About the Role of North- and Baltic Sea during
Winter 2013/14 and human impact!

Started on 03 January 2014, and will be continued.

→→→ Part 2: 06 January 2014 ;  Part 3 (12. Jan.2014)
'Part 4 (20.Jan14) ; 
Part 5 (30. Jan.14), Part 6 (9.Feb.14) ,
Part 7 (22.Feb.14)


Part 1: Mild December 2013 caused by off-shore wind farms and human activities in North- and Baltic Sea ?
Will winter 2013/14 show an anthropogenic impact?

03 January 2014 (seatraining2007_1412a)  

Add 1: Hot November 2013 – WHY?  →→→ GO

 1st Part (03 Jan.2014)

Our weather in Europe is dominated by ocean conditions across the North Atlantic, but a significant contribution is provided by all coastal sea areas from Cap Finisterre to North Cape . Particularly semi-enclosed seas as the North- and Baltic Sea have a huge impact on moderate winters in Northern Europe . (Fig.1, left) shows the temperature trend in North America during the first week in 2014, and what an important impact the Great Lake region has.  

EXTRACT from wikipeadia: “The lakes themselves also have a moderating impact on the climate, they can also increase precipitation totals and produce lake-effect snowfall. Lake effect The most well known winter effect of the Great Lakes on weather there is the lake effect, sometimes very localized. Even late in winter lakes often have no icepack in the middle.” http://en.wikipedia.org/wiki/Great_Lakes 

North Europe just finished a very mild December 2013, but science has no clue why! We suspect a considerable contribution by man, for example shipping, and more recently off-shore wind farms. Over the next three winter months, we will discuss the matter along with observed weather conditions in detail.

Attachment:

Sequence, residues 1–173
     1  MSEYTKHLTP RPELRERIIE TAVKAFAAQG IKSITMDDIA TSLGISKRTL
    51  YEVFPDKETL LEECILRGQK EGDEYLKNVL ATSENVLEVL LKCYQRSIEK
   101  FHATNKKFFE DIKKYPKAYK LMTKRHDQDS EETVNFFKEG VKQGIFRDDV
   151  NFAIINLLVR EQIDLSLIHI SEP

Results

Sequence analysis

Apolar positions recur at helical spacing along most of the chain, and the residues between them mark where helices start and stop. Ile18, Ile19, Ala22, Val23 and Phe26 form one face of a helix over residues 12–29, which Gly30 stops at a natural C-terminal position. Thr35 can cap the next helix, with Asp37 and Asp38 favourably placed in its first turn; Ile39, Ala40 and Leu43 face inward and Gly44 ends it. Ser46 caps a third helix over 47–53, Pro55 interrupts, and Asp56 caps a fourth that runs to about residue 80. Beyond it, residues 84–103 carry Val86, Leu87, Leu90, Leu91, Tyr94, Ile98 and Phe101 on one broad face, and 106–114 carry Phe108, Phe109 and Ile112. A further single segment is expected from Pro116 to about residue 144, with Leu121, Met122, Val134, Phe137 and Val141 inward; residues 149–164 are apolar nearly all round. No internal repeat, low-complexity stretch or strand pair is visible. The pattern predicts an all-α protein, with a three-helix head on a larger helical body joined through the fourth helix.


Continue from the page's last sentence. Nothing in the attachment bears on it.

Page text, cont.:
For the start the sea water conditions on three days in December 2013 are reproduced, indication a temperature level well above average!

Fig. 2, 01 December 2013

Fig. 3, 15 December 2013

Fig. 4, 31 December 2013

 Meanwhile more than 500 wind turbines are operating in the North Sea (Details: wiki), grounded at a depth below sea surface of up to thirty metres, and a diameter of several meters. They are all  located in waters with permanent tides.  Thus they have a huge mixing effect within the water column, and an impact on surface water temperature and salinity structure. Is the impact similar as the wind turbines may have on cloud forming, as indicated in Fig. 5.



Fig. 5, to which NASA comments (extract):  
    “This photo fascinates NOAA wind researcher Bob Banta, a scientist at the Earth System Research Laboratory in Boulder , Colorado . He and other colleagues who study winds in the lower atmosphere use the picture in PowerPoint talks, scribbling colored lines and squiggles on it to speculate about what is happening where, and why. “  


 Toward the end of the year more warm water is pushed to the surface. It seems high time to get clarity, whether off-shore wind farms and other human activities in the marine environment have contributed to mild December 2013 Fig. 2-4).

→→→ Part 2: 06 January 2014


Add 1:  Hot November 2013 – WHY?
Posted 11. January 2014

November 2013  (to enlarge click on link)




Discussed at: Notrickzone 11/Nov/2014

cont: see below




Why did NASA not ask: Why so much heat surplus in Russia ?

During November the influence of the sun is remote across Russia , or not existing in northern Russia ! There is nothing to generate high temperatures regional, which must come from somewhere else. As a rule it comes from the West, from North Atlantic, after crossing North- and Baltic Sea, as well the Barents Sea , were the Sea temperatures were well above normal.

Once this aspect is settled, Nasa should have asked: Why above normal SST?

Fig. 8 & 11, 04 Nov.2013

Fig. 9 & 12, 16 Nov.2013

Fig. 10 & 13, 25 Nov.2013